Injunctions can be issued as a remedy at the conclusion of a lawsuit, such as a breach of contract claim. This type of injunction is a permanent injunction. Permanent injunctions are issued by a court after hearing a matter, and as a part of the judgment order. A request for injunction can also be filed as its own separate lawsuit. Sometimes a party will file a court request for injunctive relief while the rest of the lawsuit is pending. When the court orders an injunction in this situation, the remedy won't be permanent.
Temporary injunctions are usually enforceable immediately, but last for only a short period of time. A temporary restraining order, or TRO, is a common type of temporary injunction. This remedy is used when a party wishes to halt a particular act for a short period of time, usually while the party prepares a more formal lawsuit. These orders typically last a week or ten days.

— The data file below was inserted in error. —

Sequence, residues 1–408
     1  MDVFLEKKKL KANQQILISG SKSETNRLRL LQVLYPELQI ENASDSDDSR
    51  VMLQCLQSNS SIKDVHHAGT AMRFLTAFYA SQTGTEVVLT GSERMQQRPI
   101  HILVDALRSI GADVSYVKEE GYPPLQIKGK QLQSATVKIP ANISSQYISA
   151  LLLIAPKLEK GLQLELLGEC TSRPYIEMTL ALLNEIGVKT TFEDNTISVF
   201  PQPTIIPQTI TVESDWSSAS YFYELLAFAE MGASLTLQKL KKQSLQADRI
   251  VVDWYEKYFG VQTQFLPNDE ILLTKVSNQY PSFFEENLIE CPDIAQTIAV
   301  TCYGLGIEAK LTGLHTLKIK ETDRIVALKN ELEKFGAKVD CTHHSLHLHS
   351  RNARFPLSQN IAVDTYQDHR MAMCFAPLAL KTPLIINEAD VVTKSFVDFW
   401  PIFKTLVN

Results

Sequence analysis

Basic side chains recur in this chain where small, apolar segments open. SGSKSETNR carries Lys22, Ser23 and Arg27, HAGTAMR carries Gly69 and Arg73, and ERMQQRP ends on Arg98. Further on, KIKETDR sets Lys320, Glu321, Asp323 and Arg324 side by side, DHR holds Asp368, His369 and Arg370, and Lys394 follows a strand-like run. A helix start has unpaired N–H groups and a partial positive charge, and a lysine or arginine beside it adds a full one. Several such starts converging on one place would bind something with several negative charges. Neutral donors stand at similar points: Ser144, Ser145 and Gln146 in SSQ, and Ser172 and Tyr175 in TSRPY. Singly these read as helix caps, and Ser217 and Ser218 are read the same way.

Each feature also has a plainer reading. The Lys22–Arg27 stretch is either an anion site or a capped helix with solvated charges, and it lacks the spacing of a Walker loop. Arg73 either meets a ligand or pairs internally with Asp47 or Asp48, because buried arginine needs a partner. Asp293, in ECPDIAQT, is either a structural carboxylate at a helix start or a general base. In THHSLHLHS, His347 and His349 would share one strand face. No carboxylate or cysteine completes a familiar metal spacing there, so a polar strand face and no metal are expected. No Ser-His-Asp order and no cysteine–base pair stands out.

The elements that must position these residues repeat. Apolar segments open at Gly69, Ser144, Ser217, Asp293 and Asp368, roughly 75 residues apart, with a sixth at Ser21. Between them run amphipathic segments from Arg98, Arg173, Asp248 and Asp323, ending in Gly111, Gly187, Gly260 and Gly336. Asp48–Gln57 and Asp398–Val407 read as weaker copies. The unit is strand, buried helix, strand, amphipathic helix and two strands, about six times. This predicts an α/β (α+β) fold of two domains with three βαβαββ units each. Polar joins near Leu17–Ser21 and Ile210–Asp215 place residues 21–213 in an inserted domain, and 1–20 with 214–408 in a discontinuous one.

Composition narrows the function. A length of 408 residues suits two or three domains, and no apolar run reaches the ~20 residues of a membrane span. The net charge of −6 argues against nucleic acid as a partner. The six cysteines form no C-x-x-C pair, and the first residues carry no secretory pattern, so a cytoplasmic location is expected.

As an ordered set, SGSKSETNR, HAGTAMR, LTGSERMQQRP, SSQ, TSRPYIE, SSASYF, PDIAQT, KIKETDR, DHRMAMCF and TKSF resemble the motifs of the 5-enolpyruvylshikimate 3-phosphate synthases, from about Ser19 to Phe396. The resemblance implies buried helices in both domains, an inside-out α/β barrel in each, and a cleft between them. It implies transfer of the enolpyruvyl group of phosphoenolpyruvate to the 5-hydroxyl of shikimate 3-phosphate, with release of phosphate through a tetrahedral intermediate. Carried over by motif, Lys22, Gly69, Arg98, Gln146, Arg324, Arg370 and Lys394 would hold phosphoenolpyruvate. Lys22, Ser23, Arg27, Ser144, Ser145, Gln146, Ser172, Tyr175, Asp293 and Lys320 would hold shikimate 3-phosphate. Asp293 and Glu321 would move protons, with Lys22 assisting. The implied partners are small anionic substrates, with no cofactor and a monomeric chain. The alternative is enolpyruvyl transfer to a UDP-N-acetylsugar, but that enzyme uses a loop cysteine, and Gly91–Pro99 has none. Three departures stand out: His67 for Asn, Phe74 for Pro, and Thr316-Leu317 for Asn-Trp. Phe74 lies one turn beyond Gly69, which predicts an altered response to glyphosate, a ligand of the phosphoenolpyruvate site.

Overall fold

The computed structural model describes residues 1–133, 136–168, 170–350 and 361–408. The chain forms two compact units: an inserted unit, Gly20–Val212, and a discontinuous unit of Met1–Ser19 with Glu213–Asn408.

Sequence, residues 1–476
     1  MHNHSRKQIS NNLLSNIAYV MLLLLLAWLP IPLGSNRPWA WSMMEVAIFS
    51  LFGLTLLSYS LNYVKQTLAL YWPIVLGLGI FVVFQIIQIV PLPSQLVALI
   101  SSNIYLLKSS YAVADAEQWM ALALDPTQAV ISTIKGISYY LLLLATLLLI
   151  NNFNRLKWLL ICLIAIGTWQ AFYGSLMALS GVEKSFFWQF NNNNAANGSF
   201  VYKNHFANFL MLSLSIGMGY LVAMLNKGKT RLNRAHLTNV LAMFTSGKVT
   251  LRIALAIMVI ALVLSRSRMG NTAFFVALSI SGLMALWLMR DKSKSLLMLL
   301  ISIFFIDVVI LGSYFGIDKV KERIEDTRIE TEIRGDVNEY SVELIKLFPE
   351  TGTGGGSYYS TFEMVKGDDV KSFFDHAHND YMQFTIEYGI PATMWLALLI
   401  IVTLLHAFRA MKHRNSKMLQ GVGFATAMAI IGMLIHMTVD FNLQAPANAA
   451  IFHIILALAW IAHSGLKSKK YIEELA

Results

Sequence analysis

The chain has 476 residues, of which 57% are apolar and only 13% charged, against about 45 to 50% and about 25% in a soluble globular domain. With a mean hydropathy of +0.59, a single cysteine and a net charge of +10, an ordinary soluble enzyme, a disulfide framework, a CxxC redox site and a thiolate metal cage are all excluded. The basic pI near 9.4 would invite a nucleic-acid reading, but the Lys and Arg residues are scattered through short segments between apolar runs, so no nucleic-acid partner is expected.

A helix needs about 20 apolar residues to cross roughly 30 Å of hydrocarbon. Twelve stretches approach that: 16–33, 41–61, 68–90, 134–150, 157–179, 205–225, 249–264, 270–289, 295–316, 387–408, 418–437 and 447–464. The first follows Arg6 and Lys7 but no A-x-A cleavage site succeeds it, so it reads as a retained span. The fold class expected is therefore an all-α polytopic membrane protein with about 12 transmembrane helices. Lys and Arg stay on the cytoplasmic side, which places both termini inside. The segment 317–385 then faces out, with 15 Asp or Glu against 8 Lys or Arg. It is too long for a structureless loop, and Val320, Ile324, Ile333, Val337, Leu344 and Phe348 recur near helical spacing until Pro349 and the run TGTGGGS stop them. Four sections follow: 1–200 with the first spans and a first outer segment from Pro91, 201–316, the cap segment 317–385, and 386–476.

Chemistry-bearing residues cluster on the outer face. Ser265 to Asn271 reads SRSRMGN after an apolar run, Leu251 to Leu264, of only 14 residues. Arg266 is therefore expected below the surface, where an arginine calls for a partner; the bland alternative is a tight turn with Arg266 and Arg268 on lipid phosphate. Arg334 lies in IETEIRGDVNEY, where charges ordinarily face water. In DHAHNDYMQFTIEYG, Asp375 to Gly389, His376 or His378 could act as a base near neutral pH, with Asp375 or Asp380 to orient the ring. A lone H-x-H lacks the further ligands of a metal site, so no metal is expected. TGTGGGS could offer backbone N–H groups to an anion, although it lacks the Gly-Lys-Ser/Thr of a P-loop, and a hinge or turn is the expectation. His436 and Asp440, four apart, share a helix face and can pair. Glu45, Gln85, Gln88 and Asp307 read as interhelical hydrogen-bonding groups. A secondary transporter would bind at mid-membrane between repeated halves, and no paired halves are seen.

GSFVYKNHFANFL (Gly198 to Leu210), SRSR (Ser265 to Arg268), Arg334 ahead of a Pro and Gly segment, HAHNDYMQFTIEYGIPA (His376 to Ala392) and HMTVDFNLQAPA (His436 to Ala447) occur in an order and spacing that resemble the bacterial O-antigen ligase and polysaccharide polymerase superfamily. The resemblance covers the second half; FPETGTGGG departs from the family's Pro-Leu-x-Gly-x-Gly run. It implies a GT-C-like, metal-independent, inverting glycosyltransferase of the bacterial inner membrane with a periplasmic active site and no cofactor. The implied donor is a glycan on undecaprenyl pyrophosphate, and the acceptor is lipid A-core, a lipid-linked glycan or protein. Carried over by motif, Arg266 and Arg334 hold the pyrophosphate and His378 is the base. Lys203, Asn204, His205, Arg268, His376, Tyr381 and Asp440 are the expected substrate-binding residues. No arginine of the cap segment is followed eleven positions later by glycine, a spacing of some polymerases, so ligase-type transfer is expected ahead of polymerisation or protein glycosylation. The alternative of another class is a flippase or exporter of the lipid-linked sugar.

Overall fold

A preliminary injunction is a remedy that is also temporary. These injunctions are usually enforceable immediately, but last only until the court can fully hear a matter and make a more permanent decision on the matter. A preliminary injunction lasts longer than a temporary injunction, and is meant to ensure that a party doesn't act on a matter until a court makes a final decision on the issue. Therefore, preliminary injunctions typically only last the duration of a trial or a hearing. Injunctions aren't common, but are used mostly in breach of contract cases.
Like specific performance, the court will consider this option when money damages won't provide the innocent party with adequate compensation for the breach, and the innocent party requests that remedy. Injunctions are used when the object of the contract might be lost, destroyed or otherwise made unavailable to the innocent party.